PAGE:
Ash Hashim explains how all four candidates may find political and cultural challenges in unifying all 47 Asian football states in the region
By Ash Hashim
AS the Asian Football Confederation (AFC) prepares to elect a new president at the extraordinary congress in Kuala Lumpur on Thursday, it is worth noting that this may very well be a pivotal moment for Asian football.
Amidst an ongoing human rights scandal in Bahrain, accusations of vote rigging and a questionable lack of media freedom, the quest for the AFC presidency has cooked up the wrong kind of storm.
The controversial Mohammad Bin Hammam, who was slapped with a lifetime ban by FIFA for breaching ethical laws and offering bribes in exchange for votes, was forced to vacate his post as AFC President in 2011.
With such volatile circumstances leading up to the election and recent incidents in Asia involving match fixing and corruption, it was always going to be controversial and even a little awkward.
The four candidates vying to become the next AFC president are Thailand’s Worawi Makudi, Bahrain’s Shaikh Salman bin Ibrahim Al Khalifa, the UAE’s Yousuf Al Serkal (UAE) and Saudi Arabia’s Dr. Hafez Ibrahim Al Medlej.
All accounts indicate that this is very much a race dictated by power relations, with Dr Hafez expected to withdraw his candidacy in support of either Sheikh Salman or Al Serkal within the next few days.
The plot thickens here, however, as Worawi, Al Serkal and Al Medlej are – coincidentally - personal friends of Bin Hammam’s.
All three have been quick to assert that their “personal” and “professional” lives are completely unrelated, a statement that does very little to convince the football cynic.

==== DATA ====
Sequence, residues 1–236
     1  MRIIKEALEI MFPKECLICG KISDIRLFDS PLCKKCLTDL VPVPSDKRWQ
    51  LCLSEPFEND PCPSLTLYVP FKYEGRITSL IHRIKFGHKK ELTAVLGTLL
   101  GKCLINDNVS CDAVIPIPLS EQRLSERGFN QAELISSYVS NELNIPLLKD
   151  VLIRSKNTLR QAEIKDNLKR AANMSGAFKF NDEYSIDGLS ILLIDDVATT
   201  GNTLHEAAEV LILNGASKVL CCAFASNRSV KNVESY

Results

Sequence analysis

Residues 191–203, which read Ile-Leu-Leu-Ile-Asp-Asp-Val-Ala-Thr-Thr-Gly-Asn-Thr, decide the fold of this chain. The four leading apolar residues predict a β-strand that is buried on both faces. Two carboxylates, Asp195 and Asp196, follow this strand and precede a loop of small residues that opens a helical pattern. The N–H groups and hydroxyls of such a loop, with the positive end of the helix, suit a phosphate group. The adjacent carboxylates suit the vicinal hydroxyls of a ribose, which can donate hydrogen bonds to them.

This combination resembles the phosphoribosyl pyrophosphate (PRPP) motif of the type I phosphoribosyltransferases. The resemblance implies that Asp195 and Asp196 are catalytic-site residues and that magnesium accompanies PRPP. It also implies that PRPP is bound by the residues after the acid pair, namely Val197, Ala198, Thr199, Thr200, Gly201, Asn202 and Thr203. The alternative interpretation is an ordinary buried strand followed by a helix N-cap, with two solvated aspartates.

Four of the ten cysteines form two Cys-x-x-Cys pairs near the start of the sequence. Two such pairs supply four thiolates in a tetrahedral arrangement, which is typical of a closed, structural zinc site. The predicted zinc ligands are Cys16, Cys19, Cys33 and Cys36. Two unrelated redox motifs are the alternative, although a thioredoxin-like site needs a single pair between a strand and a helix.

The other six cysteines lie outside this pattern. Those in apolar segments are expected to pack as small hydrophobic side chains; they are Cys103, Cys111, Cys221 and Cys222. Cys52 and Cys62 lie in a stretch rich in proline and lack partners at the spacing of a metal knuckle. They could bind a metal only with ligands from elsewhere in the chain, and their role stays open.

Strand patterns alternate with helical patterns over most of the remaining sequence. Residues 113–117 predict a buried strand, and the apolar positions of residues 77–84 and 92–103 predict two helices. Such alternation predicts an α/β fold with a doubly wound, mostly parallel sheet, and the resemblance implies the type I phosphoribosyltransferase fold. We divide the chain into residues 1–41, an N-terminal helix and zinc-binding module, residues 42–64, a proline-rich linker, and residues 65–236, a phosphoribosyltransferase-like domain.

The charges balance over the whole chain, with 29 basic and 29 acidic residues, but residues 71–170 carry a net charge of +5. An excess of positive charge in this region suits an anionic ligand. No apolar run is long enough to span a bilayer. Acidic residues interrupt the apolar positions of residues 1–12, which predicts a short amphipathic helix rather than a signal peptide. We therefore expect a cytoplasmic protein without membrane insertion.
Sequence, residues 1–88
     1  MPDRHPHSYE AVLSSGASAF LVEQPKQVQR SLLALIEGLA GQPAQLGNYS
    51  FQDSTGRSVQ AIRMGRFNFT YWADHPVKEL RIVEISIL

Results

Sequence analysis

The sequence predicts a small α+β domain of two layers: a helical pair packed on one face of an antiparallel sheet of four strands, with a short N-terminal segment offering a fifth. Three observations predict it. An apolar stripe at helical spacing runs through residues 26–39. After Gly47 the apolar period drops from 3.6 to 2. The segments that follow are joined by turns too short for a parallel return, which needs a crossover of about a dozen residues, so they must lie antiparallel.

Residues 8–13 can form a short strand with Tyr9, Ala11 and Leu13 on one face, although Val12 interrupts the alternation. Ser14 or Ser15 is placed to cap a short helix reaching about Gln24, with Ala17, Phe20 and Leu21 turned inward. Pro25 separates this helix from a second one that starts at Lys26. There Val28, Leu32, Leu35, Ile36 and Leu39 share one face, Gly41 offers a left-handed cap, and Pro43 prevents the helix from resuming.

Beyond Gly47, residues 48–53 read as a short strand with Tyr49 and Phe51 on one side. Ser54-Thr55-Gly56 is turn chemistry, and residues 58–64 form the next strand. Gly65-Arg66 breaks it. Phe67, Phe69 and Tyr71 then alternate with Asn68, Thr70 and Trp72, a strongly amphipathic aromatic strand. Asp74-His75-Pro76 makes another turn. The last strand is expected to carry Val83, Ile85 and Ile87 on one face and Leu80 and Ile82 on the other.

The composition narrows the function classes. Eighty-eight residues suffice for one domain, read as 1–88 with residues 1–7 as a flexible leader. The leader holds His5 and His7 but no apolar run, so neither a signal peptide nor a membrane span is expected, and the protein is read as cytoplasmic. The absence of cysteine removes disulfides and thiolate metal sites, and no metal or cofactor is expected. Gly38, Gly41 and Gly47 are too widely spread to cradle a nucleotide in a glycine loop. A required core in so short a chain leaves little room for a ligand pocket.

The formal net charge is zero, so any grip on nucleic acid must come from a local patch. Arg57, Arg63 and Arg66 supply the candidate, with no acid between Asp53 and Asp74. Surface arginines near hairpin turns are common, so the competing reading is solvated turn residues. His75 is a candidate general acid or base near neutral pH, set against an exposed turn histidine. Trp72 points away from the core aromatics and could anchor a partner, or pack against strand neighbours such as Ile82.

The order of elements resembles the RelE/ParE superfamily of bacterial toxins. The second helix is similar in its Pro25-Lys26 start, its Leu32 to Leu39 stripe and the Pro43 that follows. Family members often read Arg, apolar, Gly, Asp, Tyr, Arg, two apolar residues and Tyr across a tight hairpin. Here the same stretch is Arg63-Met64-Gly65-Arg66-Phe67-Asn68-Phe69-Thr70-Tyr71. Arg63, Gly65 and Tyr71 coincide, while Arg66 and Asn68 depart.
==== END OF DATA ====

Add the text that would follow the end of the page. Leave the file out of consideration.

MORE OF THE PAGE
Shaikh Salman, who is the only candidate not friends with the ousted Qatari, has not been spared from pre-election smear campaigns either.
He has been repeatedly targeted by Bahraini Human Rights groups, who wrote to FIFA President Sepp Blatter last Friday, demanding for him to be expelled from the race.
The Sheikh – the current President of the Bahrain Football Federation – had been accused of participating in the abuse of 32 players, officials and coaches who participated in democracy clashes during the Arab Spring of 2011.
In an interview at his office in the capital of Manama one week ago, Sheikh Salman told this reporter that he was tired of the negativity surrounding his campaign.
“Let’s keep it positive and have a good campaign,” he said, adding that his opponents were deliberately resorting to tricks against him.
When his opponent from the UAE, Al Serkal, was later asked about the allegations of vote-buying among the candidates, he remarked: “We don’t see this happening anywhere else in the world. This is only happening in Asia.”